Pornocracy Details the Fall of the Adult Film Industry
Documentary investigates the corporate porn multinationals
The porn empire is dead. Long live the porn empire.
"We have never watched so much porn as we do today, and yet the porn industry is in its death throes," says French filmmaker Ovidie, whose documentary Pornocracy details the fall and odd transmogrification of the worldwide adult film industry. "In 10 years, free streaming sites based on the YouTube model have become responsible for 95 percent of global porn consumption. The world of porn is becoming prisoner to giant IT platforms that thrive off of pirating and are led by executive directors that have no contact with the labor at the end of the chain. This film exposes the 'Uberization' of work that is now so extreme in the adult industry."
Pornocracy attempts to pull back the mask of the new world of porn, and discovers at first a bunch of computer geeks, then former Goldman Sachs brokers driven purely by a craving for money. One man interviewed in the doc suggests the main business isn't porn, but the moving of money from one country to another – old-fashioned money laundering.
"There is an unrestrained capitalism that allows large murky companies to crush their workers, in pornography like any other industry," Ovidie says. "There is a generalized misogyny in society that is reproduced onscreen in an exacerbated manner. There is a global economy that allows companies to shield themselves in tax havens without anyone batting an eyelid."
Ovidie has her own history as a porn actor, something she does not find at odds with her self-definition as a feminist. "Having sexual intercourse is by no means sexist, so it follows that filming sexual intercourse is also by no means sexist," she says. "The beginning of the Eighties saw the introduction of feminists and/or queer activists who decided to use pornography as a means to film their own visions of sexuality, and to stamp out stereotypes. This type of pornography exists; it is certainly a minority, but it exists nonetheless."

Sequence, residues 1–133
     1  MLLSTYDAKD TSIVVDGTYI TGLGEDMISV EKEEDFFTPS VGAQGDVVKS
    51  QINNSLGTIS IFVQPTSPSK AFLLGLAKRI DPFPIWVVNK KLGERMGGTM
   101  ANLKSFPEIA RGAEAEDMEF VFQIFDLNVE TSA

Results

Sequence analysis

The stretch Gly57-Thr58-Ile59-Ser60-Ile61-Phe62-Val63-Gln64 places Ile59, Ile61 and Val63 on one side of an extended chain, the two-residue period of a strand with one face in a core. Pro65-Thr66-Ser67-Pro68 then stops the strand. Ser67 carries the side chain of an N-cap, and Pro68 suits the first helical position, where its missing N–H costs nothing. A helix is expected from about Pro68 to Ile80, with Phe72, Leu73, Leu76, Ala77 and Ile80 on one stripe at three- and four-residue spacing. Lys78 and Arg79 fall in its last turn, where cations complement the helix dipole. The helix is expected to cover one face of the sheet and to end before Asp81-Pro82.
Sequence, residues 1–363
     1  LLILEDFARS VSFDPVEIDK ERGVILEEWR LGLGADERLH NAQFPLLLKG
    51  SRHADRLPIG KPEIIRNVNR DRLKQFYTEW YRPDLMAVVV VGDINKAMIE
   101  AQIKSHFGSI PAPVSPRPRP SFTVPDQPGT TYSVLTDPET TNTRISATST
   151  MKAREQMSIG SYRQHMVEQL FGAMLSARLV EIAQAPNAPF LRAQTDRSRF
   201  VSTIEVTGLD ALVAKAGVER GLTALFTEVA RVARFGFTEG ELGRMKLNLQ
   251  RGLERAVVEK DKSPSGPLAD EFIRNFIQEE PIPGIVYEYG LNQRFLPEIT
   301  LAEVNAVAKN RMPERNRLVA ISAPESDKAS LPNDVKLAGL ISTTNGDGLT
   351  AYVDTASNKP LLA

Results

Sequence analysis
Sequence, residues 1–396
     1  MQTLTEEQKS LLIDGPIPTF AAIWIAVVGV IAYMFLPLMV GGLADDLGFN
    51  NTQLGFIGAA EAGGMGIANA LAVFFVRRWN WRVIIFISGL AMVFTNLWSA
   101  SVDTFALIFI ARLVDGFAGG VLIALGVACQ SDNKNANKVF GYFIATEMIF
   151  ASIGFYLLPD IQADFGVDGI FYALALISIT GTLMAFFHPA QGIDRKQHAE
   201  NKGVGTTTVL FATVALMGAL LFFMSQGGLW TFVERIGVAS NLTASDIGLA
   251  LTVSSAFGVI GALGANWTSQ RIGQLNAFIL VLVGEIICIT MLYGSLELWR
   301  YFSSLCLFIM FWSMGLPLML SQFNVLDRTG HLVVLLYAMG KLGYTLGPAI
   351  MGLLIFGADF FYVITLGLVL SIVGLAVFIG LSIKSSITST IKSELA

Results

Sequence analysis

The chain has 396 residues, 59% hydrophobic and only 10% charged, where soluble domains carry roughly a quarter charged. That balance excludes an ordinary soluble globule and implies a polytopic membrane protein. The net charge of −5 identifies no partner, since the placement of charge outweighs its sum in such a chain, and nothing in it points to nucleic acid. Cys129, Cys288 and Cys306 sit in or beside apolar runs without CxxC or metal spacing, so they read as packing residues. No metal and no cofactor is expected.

The documentary grew out of Ovidie's encounter with the new porn frontier. "One day, completely by chance, I discovered that when typing my name into Google that certain pirated videos featuring me in them were on 'Tube' sites, and it was impossible to get them taken off," she says.
Her concerns go beyond the theft of intellectual property. There's the matter of the accessibility of porn now by minors and the hardships placed on sex workers who must perform more extreme acts to make a living. "It is very abnormal that porn should be so freely accessible to children from their smartphones," she says. "The average age of discovering porn is 11 years old; this must not continue."
She adds, "Pornography is nothing but an exaggerated reflection of society. It re-creates vulgar images of what we live with on a daily basis in other fields: sexism, the Uberization of work, and exploitation of workers. There is no bad guy. We are all responsible. We are much more responsible than we allow ourselves to admit."
DOCUMENTARY SPOTLIGHTSunday, March 12, 1:30pm, Vimeo Theatre
Monday, March 13, 9:30pm, Alamo South Lamar
Wednesday, March 15, 9:30pm, Stateside